Tacticals

Portfolio Manager Commentary – July 2018

The S&P/TSX Total Return Index ended the month on a positive note with gains of 1.15% as industrials, telecom and financials led the way. Crude oil fell to $68.43 per barrel as a survey suggests OPEC’s output in July rose to its highest for 2018 and because Donald Trump appeared to soften his approach with Iran. Moreover, the Canadian dollar rose as domestic data shows a record high for exports. Our Nasdaq Inovestor Canadian Equity Index (NQICA) increased 0.83% for the same period, -32bps below the benchmark. Our sector allocation contributed +42bps as our decision to overweight industrials and underweight materials was fruitful. However, our stock selection contributed -74bps as a couple of our stocks unperformed. You will find below the top three and bottom three contributors to performance.

The top three contributors to performance were:

  1. Canadian National Railway (CNR:CN), a railway transport carrier, rose 8.0% after releasing a strong Q2 2018 earning: EPS of $1.51 (beat by $0.12) on Revenues of $3.6B (beat by $0.1B).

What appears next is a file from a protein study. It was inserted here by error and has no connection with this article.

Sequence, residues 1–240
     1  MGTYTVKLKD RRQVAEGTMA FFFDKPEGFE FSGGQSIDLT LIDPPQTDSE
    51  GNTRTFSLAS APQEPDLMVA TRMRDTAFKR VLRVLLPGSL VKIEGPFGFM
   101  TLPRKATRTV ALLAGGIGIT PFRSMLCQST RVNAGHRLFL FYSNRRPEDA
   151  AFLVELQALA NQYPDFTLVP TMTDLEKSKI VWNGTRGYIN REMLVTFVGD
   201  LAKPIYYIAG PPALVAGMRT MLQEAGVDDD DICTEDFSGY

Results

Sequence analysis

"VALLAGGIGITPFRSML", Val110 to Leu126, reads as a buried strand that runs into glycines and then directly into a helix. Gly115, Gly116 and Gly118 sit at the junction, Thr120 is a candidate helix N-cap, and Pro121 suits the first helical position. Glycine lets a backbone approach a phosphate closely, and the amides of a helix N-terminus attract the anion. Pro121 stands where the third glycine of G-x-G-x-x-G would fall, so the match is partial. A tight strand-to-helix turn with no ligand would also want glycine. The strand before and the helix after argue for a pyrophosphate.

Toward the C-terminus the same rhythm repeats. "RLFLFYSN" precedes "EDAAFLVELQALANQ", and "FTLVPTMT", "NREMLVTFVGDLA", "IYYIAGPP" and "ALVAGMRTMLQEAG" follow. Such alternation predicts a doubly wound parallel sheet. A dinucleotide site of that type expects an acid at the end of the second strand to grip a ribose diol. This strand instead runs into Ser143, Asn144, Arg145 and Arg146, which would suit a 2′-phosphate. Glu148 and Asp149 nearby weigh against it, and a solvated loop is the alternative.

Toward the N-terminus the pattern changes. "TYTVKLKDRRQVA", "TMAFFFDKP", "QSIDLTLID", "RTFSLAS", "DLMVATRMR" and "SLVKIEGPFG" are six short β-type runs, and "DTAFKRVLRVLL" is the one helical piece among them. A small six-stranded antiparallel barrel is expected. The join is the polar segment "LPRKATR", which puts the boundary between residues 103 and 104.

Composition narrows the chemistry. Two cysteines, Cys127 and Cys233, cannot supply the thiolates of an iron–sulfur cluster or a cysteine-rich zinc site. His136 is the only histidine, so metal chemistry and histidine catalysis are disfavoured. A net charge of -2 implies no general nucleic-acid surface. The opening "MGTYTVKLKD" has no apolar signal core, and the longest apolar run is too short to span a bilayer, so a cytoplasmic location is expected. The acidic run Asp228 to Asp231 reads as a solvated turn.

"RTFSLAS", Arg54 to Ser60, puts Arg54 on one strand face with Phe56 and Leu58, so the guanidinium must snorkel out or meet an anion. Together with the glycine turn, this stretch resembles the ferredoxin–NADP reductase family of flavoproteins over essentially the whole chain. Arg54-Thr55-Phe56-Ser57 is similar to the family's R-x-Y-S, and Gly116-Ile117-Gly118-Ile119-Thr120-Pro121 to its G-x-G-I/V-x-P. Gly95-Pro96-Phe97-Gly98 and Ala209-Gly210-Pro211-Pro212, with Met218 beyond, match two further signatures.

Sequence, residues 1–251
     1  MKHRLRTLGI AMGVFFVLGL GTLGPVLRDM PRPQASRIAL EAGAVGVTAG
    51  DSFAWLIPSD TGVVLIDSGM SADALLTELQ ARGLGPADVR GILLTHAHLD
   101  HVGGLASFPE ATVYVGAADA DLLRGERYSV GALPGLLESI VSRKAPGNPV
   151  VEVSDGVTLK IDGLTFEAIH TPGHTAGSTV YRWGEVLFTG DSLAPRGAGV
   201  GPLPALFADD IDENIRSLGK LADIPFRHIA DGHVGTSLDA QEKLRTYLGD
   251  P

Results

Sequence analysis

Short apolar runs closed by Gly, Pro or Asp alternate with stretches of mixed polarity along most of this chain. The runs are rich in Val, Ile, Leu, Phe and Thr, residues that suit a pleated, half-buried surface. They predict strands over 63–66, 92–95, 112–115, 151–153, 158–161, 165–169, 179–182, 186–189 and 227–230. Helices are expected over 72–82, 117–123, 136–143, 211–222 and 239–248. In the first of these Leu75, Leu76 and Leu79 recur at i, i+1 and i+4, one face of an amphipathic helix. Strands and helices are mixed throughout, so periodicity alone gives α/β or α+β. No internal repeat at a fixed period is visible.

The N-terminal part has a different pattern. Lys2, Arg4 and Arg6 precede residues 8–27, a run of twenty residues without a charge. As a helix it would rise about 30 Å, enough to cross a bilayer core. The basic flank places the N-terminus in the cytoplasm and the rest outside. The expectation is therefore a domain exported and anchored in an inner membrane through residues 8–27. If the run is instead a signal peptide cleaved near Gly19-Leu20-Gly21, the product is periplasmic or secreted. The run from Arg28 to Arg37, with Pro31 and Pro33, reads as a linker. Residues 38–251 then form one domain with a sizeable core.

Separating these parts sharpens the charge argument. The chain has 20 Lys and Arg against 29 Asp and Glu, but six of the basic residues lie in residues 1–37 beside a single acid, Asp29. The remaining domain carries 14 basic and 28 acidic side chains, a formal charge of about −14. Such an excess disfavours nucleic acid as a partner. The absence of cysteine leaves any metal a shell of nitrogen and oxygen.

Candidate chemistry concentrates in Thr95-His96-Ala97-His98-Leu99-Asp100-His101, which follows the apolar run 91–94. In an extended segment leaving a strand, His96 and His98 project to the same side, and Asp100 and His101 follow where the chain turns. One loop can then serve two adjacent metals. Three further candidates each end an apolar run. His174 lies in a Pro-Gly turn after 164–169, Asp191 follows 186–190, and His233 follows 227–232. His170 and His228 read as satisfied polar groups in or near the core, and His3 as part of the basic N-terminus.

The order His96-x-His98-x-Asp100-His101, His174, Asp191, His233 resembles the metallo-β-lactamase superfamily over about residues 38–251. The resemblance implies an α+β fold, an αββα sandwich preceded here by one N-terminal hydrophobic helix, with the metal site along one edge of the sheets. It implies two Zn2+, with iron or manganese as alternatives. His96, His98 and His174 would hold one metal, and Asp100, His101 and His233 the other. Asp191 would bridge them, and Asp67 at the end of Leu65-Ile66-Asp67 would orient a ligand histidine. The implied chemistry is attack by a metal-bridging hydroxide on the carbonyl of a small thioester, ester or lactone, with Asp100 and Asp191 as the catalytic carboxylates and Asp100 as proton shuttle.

2. TFI International (TFII:CN), a logistics provider, gained 6.5% after exceeding analyst expectations on Q2 2018 earnings: EPS of $0.99 (beat by $0.29) on Revenues of $1.3B (beat by $0.1B).
  3. Equitable Group (EQB:CN), a thrift & mortgage lender, increased 5.8% as investors are positive about the new Ontario government and the dovishness on short rates by the Bank of Canada.

The bottom three contributors to performance were:

  1. Stella Jones (SJ:CN), a wood manufacturer, declined -9.3% in July because U.S. housing starts fell 12.3% in June to a nine-month low as U.S. homebuilders struggle with higher lumber prices.
  2. Gildan (GIL:CN), an apparel manufacturer, fell -9.5% as analysts believe Q2 2018 on August 1st may disappoint due to higher raw material and input costs and manufacturing inefficiencies.
  3. Norbord (OSB:CN), a wood manufacturer, dropped -13.4% in July because U.S. housing starts fell 12.3% in June to a nine-month low as U.S. homebuilders struggle with higher lumber prices.

Best,

François Soto CFA, MBA, FRM, CIM